HOME > Chowhound > General Topics >


"Best Quality" Olive Oil Advice Please

Ok, so what does it mean when a recipe asks for "good quality" or "high quality" olive oil? I mean is there a way to tell if an olive oil is better just by looking at it?

Other than price or tasting it is there any other indicator of quality that I can use to find the best of the bunch? Label info? Origin? Types of olives? Shades of green for EVOO?

If you can't tell just by looking at the bottle,since they all have such lovely packaging, what are the brands that are considered to have the best quality?

I know all about the different grades of olive oil but am just lost when a recipe requires "best quality." I know what I like (mostly Bertolli) and now I'd like to try some others without spending a fortune on taste tests.

Thanks for your suggestions.

  1. Click to Upload a photo (10 MB limit)
  1. Think of olive oil the way you would think of wine. There is really no way to discover what brilliance of flavor is contained in a bottle without taking a sip. Similarly, it can get expensive trying them, but the trial and error will be spread over years. Likewise, in many places there are olive oil shops where you can do tastings and learn from where the oils you favor are produced.

    That being said, one premium brand enjoyed by many discriminating palates is Frantoia. http://www.frantoia.it/index.php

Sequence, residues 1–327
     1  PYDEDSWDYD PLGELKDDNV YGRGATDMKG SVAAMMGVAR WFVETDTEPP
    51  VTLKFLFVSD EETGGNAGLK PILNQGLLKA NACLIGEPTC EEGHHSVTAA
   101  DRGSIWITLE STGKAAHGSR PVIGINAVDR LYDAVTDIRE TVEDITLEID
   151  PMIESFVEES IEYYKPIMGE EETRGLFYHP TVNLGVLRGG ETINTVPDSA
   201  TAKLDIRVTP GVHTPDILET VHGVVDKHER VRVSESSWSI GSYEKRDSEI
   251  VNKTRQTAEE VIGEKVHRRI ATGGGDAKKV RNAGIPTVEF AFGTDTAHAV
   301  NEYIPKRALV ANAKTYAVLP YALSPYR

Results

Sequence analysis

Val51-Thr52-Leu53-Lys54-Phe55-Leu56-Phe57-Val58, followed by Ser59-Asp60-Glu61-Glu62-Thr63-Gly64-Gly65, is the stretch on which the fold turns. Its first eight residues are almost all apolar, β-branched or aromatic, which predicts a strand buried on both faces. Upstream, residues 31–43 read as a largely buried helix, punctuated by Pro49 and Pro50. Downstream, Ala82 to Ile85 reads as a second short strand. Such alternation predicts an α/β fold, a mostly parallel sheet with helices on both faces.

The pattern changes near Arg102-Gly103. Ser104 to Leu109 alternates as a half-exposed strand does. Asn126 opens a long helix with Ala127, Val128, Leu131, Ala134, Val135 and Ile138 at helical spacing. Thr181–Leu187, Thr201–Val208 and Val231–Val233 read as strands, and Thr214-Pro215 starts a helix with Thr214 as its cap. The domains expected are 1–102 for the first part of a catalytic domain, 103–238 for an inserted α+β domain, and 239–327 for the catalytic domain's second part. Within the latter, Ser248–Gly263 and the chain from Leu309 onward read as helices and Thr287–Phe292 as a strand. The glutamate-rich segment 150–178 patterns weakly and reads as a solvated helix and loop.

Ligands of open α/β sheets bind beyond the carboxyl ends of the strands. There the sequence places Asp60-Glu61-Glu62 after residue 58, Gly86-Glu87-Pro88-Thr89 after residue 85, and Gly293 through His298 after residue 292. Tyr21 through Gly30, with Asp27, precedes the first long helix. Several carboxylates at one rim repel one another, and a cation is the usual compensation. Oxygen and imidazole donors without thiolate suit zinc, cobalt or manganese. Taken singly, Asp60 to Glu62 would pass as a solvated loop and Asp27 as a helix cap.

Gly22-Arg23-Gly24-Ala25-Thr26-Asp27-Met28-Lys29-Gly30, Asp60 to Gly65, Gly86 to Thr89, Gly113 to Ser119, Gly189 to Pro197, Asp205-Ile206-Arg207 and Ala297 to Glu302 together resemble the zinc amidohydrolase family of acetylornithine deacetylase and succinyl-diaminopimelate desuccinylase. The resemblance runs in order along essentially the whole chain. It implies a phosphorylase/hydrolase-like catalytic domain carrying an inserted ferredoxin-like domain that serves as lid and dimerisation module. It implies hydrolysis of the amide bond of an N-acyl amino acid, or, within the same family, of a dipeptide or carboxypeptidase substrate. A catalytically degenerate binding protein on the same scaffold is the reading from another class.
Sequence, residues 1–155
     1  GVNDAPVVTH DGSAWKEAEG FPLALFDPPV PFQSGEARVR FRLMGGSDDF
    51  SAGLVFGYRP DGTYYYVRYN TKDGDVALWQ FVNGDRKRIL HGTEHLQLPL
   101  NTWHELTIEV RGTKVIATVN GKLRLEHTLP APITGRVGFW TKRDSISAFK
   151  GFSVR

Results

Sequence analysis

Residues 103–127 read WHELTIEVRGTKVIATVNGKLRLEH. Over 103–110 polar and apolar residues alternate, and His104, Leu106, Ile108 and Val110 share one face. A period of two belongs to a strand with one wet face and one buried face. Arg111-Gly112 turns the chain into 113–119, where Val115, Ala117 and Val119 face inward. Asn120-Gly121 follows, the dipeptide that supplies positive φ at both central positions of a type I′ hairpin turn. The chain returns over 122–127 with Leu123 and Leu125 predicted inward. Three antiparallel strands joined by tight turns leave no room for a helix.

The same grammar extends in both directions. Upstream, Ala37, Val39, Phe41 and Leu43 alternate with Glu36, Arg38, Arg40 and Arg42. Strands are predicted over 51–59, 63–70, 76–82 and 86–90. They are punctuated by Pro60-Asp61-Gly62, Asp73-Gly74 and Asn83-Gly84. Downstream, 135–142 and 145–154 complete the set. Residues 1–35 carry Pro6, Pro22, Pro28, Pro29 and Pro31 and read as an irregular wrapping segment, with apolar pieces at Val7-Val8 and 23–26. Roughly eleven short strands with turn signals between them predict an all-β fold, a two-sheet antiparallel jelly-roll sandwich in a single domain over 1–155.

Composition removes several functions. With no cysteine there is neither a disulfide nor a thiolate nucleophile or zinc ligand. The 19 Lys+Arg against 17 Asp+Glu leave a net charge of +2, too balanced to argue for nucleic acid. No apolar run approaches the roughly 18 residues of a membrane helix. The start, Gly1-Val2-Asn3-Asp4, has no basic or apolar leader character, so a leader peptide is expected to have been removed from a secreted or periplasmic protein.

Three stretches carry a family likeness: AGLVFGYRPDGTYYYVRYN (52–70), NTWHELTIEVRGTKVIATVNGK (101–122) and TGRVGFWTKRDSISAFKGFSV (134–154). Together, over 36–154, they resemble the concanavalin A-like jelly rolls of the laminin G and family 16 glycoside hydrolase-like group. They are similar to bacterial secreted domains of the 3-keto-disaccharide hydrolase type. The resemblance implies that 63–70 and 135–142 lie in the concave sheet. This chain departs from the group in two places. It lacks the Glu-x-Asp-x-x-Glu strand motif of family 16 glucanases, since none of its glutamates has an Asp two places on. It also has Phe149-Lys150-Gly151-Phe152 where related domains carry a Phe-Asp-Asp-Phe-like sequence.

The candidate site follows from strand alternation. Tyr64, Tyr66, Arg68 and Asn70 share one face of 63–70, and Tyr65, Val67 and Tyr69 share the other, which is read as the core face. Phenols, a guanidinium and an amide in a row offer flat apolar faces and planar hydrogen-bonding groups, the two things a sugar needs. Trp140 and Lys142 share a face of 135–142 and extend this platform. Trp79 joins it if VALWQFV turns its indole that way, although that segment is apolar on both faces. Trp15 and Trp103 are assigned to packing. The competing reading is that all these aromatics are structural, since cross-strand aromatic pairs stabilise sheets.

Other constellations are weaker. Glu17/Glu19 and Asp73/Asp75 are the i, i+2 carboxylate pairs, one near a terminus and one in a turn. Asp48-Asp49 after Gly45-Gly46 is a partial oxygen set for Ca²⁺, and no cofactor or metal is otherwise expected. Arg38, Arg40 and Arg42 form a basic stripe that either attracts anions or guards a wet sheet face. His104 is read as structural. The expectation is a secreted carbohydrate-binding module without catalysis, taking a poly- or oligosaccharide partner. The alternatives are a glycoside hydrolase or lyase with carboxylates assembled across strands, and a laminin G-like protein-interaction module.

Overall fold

1. Actually you can tell a good deal by looking at the bottle. Let us assume that the kind of oil that is meant by "best" or "good-quality" is extra virgin olive oil that most people would find too expensive or rare to cook with and so it is normally recommended for use at the table as a condiment or for adding raw to dishes after cooking and before serving. There are objective criteria in addition to personal taste preference.

      Shades of green are meaningless. For one thing, they are easily falsified, for another, if you can see the color, the oil has probably already begun to deteriorate from exposure to light. Thus, other things being equal, the more opaque the packaging (ordinary dark glass is not all that protective), the better the oil has been preserved since pressing. Single varietal olives are fashionable now but not essential -- still they show that care was taken in the oil making. Read the label: make sure the harvest date reflects the most recent season, and that the harvest date is given, not just an expiration date. The designations IGP or DOP are also quality indicators (for Italian oils). Look at how much information is provided on the label. The narrow the growing/production zone, the better the chance that it is a well-made oil. The sort of boutique oils you're asking about tend to come in smaller bottles than the mass market oils, partly because of cost and prestige, but partly because they should not be kept around for ages (no oil should). Use it up, and open a new bottle. You don't have to do taste tests. If you buy according to these criteria, you'll have good oils, one at a time, and eventually decide which you like best without wasting money on non-starters.